I love a good debate. I’m passionate about my beliefs, always have been, even as a child. I’m also a peacemaker. So often, the root of my passion in a debate is to help people understand each other and find common ground.
“Finally, be ye all of one mind, having compassion one of another, love as brethren, be pitiful, be courteous: Not rendering evil for evil, or railing for railing: but contrariwise blessing; knowing that ye are thereunto called, that ye should inherit a blessing. For he that will love life, and see good days, let him refrain his tongue from evil, and his lips that they speak no guile: Let him eschew evil, and do good; let him seek peace, and ensue it. For the eyes of the Lord are over the righteous, and his ears are open unto their prayers: but the face of the Lord is against them that do evil.” 1 Peter 3:8-12
Debates are a historical way of educating and informing people. It’s more fun than a lecture by just one person. Listeners get the benefit of multiple perspectives. Good debates tend to encourage people to think for themselves, rather than telling the listeners what to think.
A debate is over a topic that is of mutual concern to the speakers. Their ideas concerning the topic or solutions to a problem differ because of the speakers’ backgrounds, education and perspectives. If speakers can remember they are both concerned about those whom the topic touches, they can more easily stay civil and professional.
Preparation for a debate should be more about the audience than the speaker. Too often, speakers have a prepared propagandized topic they are paid to push rather than actual education or productive information. This is actually true with many public speakers anymore.
I actually heard one speaker bully his audience, making fun of anyone who dared think differently than the propaganda he was pushing. He was so good at it he insulted the audience and they were excited about his false narrative. This particular speaker is so good at what he does, he is paid by different agencies and organizations around Oklahoma to spread whatever propaganda they’re pushing. I get literally sick to my stomach every time I hear him speak, no matter the topic.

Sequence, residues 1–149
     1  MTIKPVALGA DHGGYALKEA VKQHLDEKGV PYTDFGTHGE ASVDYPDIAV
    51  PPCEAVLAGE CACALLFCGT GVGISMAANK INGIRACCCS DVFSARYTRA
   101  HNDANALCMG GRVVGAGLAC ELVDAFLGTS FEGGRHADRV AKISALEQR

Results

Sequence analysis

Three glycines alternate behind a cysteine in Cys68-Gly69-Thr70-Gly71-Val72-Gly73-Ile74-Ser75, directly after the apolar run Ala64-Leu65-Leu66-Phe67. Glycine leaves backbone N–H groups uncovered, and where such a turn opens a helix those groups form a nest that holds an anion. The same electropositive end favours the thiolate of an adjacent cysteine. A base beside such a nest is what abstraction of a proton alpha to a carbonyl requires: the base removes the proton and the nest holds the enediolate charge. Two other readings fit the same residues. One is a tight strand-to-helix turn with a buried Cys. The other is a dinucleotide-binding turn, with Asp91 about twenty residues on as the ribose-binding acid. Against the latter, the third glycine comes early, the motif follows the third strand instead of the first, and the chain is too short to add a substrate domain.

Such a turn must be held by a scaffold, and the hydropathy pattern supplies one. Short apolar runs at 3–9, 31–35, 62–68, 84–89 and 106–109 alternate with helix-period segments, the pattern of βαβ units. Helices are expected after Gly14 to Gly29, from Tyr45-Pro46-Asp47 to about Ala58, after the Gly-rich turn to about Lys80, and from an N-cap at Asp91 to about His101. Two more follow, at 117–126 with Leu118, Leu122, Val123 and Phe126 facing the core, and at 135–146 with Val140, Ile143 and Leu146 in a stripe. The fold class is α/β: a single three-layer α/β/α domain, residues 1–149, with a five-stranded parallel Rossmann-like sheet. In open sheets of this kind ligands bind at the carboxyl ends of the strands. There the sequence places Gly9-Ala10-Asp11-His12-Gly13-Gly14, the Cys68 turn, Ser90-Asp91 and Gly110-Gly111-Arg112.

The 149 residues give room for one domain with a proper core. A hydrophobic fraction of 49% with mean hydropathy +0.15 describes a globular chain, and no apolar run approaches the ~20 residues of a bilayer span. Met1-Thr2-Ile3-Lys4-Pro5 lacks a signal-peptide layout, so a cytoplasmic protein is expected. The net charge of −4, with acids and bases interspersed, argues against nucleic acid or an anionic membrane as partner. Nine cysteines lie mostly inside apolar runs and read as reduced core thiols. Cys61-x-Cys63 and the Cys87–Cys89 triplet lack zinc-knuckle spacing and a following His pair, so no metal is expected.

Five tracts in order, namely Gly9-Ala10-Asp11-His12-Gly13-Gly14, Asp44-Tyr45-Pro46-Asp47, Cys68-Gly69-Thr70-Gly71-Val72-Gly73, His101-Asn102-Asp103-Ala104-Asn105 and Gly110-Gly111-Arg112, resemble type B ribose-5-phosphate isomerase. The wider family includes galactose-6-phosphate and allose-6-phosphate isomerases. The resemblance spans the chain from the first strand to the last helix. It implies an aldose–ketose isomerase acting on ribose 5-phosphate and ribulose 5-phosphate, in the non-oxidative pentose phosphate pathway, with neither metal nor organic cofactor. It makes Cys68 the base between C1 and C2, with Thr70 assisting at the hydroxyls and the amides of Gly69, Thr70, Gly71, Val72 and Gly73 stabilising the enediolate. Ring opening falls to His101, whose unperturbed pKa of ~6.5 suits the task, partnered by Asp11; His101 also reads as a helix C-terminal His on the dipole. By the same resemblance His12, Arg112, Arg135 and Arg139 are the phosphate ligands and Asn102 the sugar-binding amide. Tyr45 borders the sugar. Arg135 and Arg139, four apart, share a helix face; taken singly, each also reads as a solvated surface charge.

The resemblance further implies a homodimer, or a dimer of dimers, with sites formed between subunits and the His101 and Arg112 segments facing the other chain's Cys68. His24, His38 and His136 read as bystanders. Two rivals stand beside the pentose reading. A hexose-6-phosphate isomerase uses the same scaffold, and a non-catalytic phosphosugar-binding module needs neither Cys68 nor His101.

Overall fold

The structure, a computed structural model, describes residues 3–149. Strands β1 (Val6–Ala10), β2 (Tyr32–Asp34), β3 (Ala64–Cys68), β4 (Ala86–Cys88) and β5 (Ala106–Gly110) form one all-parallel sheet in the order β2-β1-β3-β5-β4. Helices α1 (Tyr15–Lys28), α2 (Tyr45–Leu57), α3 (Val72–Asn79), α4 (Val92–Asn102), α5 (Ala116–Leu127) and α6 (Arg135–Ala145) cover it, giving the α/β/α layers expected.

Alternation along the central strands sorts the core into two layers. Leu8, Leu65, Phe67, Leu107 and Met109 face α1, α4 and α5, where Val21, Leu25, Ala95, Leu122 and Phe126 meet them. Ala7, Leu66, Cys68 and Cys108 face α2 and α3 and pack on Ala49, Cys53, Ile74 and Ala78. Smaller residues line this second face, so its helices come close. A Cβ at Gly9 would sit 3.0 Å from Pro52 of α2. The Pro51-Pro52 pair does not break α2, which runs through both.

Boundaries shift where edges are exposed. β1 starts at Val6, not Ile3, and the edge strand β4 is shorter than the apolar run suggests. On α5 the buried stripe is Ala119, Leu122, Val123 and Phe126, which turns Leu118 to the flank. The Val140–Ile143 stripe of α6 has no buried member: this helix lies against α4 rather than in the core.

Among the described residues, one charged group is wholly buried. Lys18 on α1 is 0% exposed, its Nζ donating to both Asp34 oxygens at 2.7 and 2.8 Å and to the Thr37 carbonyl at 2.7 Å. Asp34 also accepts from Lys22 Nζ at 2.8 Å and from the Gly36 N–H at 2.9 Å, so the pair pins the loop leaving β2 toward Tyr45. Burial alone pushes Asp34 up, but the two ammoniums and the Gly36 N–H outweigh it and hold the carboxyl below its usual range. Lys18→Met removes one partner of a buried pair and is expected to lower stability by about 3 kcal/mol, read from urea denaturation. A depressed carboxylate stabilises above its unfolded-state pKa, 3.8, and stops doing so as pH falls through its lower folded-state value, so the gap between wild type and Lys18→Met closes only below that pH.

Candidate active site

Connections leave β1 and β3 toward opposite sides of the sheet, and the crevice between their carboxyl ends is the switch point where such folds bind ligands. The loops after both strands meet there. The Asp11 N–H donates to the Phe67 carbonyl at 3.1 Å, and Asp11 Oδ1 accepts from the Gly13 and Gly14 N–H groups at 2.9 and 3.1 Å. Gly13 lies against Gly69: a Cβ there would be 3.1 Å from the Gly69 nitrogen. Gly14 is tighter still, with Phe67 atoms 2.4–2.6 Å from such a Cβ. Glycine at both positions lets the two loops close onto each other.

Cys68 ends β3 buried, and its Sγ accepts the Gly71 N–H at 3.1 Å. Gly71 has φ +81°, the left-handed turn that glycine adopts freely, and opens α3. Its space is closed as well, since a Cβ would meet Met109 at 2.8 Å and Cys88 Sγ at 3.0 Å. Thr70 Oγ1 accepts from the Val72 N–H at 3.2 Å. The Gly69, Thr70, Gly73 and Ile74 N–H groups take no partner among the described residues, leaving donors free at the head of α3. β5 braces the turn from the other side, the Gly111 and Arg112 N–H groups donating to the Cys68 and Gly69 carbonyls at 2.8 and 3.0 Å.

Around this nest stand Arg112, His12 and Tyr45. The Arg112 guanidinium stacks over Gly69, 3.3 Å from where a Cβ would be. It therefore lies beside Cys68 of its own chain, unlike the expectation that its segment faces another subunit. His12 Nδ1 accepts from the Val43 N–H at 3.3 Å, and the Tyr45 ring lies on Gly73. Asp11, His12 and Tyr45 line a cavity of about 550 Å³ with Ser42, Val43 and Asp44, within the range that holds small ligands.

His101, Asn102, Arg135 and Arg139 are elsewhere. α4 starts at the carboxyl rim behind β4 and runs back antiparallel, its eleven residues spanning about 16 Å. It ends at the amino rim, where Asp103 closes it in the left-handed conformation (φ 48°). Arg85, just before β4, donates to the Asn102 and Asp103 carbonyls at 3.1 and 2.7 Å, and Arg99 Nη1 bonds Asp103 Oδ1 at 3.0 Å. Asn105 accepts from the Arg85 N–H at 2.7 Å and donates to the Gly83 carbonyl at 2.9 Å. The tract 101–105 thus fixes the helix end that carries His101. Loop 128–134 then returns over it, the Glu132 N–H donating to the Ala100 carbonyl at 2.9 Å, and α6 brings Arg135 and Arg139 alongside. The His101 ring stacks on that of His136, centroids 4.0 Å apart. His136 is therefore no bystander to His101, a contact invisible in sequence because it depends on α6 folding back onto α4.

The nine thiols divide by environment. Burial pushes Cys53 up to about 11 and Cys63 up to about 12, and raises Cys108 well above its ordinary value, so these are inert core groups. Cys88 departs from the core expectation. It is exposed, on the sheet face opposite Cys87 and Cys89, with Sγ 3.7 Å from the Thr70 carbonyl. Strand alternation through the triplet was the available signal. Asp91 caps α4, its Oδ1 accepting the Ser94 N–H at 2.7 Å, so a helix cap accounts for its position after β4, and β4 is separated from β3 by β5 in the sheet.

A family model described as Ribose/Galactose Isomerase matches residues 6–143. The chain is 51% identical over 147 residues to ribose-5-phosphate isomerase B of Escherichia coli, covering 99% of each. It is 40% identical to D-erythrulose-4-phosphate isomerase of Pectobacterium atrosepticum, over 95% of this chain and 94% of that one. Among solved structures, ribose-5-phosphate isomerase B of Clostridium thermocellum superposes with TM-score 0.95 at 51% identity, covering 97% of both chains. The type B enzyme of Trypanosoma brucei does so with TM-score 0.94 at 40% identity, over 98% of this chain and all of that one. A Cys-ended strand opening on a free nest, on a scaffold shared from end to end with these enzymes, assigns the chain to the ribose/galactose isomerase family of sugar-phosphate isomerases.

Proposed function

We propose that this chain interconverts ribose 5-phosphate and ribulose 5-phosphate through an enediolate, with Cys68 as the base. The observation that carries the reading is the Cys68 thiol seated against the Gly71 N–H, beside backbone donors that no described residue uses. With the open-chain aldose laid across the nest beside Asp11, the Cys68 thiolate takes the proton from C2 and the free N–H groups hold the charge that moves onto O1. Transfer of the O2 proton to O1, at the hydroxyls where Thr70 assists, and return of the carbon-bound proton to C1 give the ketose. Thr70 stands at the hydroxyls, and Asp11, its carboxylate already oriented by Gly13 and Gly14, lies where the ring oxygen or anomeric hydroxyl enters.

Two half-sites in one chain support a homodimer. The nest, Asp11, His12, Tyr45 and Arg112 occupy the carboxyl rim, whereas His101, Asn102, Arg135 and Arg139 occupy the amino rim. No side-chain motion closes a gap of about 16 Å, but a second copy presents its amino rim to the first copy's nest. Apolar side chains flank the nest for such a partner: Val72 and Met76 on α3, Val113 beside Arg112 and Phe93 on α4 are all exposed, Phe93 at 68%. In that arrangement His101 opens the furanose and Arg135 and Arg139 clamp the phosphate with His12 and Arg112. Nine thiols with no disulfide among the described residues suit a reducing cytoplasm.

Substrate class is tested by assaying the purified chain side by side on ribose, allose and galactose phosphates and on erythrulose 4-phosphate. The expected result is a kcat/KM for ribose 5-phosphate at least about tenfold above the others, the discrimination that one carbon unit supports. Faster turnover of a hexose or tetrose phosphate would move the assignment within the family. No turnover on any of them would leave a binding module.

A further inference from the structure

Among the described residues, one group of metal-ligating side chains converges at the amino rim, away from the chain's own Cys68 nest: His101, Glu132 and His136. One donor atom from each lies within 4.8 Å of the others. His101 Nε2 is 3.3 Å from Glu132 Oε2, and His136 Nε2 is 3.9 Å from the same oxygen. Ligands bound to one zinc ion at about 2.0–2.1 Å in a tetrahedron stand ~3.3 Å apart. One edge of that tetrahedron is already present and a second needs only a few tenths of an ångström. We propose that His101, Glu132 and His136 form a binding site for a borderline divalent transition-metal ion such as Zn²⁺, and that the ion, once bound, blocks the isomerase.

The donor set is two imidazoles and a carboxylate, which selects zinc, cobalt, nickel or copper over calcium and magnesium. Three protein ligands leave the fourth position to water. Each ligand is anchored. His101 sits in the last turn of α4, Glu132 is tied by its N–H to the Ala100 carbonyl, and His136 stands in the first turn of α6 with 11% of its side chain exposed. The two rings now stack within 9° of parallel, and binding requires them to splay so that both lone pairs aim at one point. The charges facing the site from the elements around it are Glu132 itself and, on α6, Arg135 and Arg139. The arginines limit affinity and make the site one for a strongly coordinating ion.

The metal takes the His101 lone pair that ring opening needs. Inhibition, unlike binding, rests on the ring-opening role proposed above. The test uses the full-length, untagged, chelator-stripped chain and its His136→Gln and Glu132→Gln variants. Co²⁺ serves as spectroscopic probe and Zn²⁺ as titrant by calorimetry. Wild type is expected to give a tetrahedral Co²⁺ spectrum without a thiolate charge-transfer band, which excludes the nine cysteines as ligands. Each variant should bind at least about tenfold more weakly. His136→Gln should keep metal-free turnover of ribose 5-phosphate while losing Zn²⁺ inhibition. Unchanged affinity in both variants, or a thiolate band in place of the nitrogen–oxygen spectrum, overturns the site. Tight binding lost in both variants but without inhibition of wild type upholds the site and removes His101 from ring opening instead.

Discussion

I’m convinced a debate can be an enjoyable experience for both the audience and the speakers. Some basic guidelines would need to be set first.
Speakers should keep in mind:
- The purpose of the debate is to educate and inform the audience, not to push an agenda.
- It should be assumed everyone present cares about the people touched by the topics.
How it should be conducted:
- There should be a list of questions submitted by each party beforehand for speakers to prepare answers.
- Each question should be asked by a neutral moderator with speakers taking turns answering.
- Answers should be timed.
- After all questions, each speaker should be given an allotted time for closing statements. A coin-flip or dice roll deciding who is first.
- At no time should speakers be allowed to interrupt each other.
Bible verses to keep in mind:
- Now we exhort you, brethren, warn them that are unruly, comfort the feeble-minded, support the weak, be patient toward all men. 1 Thessalonians 5:14
- Yet count him not as an enemy, but admonish him as a brother. 2 Thessalonians 3:15
- Only by pride comes contention: but with the well advised is wisdom. Proverbs 13:10
- A wise man will hear, and will increase learning; and a man of understanding shall attain unto wise counsels Proverbs 1:5
- Where no counsel is, the people fall: but in the multitude of counselors there is safety. Proverbs 11:14
- Without counsel purposes are disappointed: but in the multitude of counselors they are established. Proverbs 15:22
It’s important to remember, when debating someone who is not a Bible believer that we are not to hold them to the same standards we are held to. We are to treat the lost with compassion, mercy and tender care. While we do not approve, entertain or excuse evil, we also need to see the hurt and manipulation that the enemy uses to ensnare and lead individuals astray.
There are times to debate and there are times to keep quiet. (Ecclesiastes 3:7) Discernment is important. I’ll admit that I am still learning discretion. Some people are not open to other ideas. (Proverbs 14:7, Psalm 1:1)
In this day and age, with the severe split in society worldwide, honest and open debate can be a useful tool in finding innovative solutions to real dilemmas. If you are a non-confrontational person, consider it encouraging and motivating thought. If you are confrontational by nature, pray for discernment and discretion.